Democracy in Pakistan and the White Past


The glorious European past thumps like a parallel beat in the heart of Pakistani intellectuals. They look back at the series of revolutions and movements of enlightenment that occurred in Europe and America with such a nostalgic longing that had humans not learned the craft of spotting a lie, our intellectuals would have claimed that their forefathers fought under Napoleon against the monarchy.

However, if events that lead to revolutions in France or in America were to occur in Pakistan, nobody would probably bat an eye. The Stamp Act of 1765, for example, under which the British sought to tax the Americans on official documents, does not sound nearly as bad as to fuel a revolutionary fire. But it certainly did. Or the Boston Tea Party, when the Americans threw chests of tea into the Boston harbor as a reaction to the Tea Act of 1773. A Pakistani reading the act in 2022 would be just as shocked as the American who would have read it in 1773 with the difference being that the Pakistani would think how something so little could cause a revolution, while the American had thought how it could not.

Despite that Pakistan’s academic and intellectual circles cannot be acquitted of their intellectual corruption and barrenness. Their immortal infatuation with the White past forces them to merely criticize the Pakistani society rather than simultaneously addressing the root causes of the destructive patterns existing among the people. Indeed, it is understandable as well: those key elements that perpetrated European societies to revolt against monarchies and establish democracies are missing in our society. For that purpose, criticism is acceptable, inevitable, and in most cases, necessary. However, while discussing the success of those societies, our analysts forget the most basic elements integral to the ultimate supremacy of democratic values.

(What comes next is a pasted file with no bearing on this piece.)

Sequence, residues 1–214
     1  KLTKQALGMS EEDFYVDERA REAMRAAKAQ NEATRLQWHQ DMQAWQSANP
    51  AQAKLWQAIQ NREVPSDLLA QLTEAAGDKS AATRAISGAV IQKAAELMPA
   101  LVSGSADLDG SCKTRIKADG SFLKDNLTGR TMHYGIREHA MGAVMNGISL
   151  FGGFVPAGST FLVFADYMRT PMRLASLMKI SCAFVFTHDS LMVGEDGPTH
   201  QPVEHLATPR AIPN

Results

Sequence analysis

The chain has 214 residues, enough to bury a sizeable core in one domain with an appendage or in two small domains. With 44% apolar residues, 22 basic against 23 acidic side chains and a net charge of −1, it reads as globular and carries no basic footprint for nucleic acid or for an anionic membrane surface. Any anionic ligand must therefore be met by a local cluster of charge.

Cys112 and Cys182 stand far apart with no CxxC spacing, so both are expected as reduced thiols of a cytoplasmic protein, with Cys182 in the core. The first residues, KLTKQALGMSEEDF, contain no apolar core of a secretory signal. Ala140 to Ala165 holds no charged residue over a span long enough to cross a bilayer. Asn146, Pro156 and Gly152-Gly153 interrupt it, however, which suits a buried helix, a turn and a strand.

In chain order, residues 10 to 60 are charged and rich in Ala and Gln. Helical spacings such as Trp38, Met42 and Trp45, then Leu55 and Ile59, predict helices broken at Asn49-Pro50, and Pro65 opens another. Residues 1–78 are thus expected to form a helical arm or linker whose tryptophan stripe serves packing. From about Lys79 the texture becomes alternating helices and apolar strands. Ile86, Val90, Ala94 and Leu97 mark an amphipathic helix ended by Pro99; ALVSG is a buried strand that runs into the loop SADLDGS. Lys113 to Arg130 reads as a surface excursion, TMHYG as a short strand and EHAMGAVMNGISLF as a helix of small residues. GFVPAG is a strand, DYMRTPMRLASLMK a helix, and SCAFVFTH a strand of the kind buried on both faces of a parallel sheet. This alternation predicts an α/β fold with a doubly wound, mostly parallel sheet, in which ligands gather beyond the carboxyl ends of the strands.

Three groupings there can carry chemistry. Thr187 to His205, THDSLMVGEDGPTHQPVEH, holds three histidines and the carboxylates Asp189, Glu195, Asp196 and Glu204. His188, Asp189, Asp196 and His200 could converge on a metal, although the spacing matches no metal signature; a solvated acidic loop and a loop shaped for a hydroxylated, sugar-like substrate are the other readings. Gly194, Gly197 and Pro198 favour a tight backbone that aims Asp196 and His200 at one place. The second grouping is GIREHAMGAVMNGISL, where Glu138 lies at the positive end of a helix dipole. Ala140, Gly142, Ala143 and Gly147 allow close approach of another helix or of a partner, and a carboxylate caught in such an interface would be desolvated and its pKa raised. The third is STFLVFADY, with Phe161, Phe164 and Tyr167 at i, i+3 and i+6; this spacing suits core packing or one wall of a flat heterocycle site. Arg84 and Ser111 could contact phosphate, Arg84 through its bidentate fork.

I have mapped out three causes below in no specific order as to why democracy is failing in Pakistan. It is left up to the reader to think which issue requires foremost attention. However, all three causes are to be read keeping the moral corruption of our intellectuals in mind.